Sports Gazette

by sports journalism students at St Mary's University, London

“Having that balance does help” – doctor Sesemann to continue juggling marathon career

Posted on 1 November 2021 by Vicki Merrick

With a time of two hours, 12 minutes and 58 seconds junior doctor Phil Sesemann crossed the line in seventh at the Virgin London Marathon 2021. In doing so he became the British champion in his first ever marathon.

Sesemann has ambitions to continue with the distance alongside his career as a junior doctor and thinks the balance has been key to his progress.

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Sesemann initially planned to run at the British Olympic marathon trials earlier this year but missed out on that opportunity due to not having the prerequisite times.

Instead Sesemann focused on the 10km over the summer, a distance he has spent a good deal of his career training for but his marathon aspirations weren’t over.

Since the rescheduling of the London marathon from April to October 2021, in the summer Sesemann decided now was the time to step up.

This would be his first marathon attempt, on home-soil and just six weeks after his half marathon debut.

The time he ran at the London marathon narrowly misses out on the time required for the World Championships but does hit the mark for both the European Championships and Commonwealth Games, both in 2022.

“I did blow up”

Sesemann told the Sports Gazette about his debut:

“Training was going well, I felt really strong. I was a aiming for a little bit quicker to get closer to the world qualifying time. I did blow up in the final six miles through the headwind on my own. I got a little carried away around halfway, but I was still able to maintain a solid pace.”

Mixing up the distances

Despite representing GB at the European Championship in early 2021 over the 3000m, making the switch to marathon training wasn’t a problem for the Leeds City AC athlete.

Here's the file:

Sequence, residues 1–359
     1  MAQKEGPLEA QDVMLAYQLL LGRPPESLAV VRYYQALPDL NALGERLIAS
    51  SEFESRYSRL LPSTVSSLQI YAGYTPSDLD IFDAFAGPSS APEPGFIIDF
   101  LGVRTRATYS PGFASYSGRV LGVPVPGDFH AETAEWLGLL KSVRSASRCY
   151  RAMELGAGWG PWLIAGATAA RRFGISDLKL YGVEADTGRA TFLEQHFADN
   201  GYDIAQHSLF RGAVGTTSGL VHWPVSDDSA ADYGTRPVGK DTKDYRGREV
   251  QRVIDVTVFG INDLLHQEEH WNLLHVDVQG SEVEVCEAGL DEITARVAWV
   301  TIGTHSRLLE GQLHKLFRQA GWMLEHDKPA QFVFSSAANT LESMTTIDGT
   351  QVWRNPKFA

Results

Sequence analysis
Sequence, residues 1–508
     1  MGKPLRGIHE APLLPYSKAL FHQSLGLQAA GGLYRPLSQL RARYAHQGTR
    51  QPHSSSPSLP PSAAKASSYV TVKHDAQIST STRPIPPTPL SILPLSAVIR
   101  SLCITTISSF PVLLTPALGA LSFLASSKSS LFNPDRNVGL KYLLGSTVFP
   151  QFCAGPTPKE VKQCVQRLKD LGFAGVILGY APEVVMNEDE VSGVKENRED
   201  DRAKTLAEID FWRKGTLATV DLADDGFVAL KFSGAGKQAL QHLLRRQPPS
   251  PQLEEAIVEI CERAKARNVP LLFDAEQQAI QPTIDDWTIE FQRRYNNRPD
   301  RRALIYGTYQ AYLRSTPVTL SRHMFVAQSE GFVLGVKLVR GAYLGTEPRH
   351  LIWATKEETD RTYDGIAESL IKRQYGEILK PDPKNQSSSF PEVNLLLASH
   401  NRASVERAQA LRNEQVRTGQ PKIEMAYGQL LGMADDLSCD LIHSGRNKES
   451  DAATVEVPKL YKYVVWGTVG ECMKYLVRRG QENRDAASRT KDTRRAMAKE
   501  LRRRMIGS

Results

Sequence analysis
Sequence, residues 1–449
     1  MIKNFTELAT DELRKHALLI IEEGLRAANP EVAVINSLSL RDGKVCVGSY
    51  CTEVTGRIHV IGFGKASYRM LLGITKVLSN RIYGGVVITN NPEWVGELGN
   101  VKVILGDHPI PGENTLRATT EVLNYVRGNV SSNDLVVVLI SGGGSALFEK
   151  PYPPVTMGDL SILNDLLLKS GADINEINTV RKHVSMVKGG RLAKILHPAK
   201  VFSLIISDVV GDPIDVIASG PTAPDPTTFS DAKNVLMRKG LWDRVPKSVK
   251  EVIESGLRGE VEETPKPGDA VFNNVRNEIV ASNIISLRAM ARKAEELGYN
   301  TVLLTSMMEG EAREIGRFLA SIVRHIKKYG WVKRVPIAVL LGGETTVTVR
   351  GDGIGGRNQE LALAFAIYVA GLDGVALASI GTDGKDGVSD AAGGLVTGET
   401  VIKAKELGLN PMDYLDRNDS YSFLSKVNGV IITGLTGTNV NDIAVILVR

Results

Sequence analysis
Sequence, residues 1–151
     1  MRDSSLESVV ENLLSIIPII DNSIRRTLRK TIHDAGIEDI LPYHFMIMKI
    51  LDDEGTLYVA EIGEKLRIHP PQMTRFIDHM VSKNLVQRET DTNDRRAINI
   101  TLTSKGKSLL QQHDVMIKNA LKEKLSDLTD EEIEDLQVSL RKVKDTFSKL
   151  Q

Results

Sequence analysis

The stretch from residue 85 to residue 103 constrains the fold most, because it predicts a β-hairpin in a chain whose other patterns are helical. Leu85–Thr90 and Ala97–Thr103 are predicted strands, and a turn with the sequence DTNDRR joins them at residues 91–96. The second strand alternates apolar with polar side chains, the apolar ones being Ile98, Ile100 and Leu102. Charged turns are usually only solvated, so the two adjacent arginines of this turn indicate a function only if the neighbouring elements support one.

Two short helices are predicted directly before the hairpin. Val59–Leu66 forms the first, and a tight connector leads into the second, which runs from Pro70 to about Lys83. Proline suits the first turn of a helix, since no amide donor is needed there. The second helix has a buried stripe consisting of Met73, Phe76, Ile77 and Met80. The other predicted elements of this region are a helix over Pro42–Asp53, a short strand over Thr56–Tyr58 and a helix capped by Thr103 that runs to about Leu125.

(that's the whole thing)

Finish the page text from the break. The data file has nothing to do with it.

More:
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 “I’ve always done quite high-volume training; I just have to be a little bit more consistent now. So essentially, just racing a bit less in the build-up. The races that I did do were part of training week. I would emphasise my long runs, pushing the pace. I’d always utilised the long run as a training session, rather than something that you tick off on a Sunday.” [/perfectpullquote]

Sesemann has no plans to stop being doctor.

Alongside training, Sesemann works part-time in A&E at the St James’ Hospital in Leeds.

With the passion to continue both his athletic and medical career, Sesemann decided to work part-time.

“I’ve been fortunate that working part-time has been a choice, but it does come with sacrifices. I get paid a lot less and I’m behind in my career compared to my peers. But I always find the balance of being able to focus on work and also being able to focus on running is great. Having that balance does help.”

With plans to do more marathons in the future, Sesemann plans to stay as a part-time doctor.

Eventually, he wants to focus mainly on medicine, but for now enjoying both is working out just fine.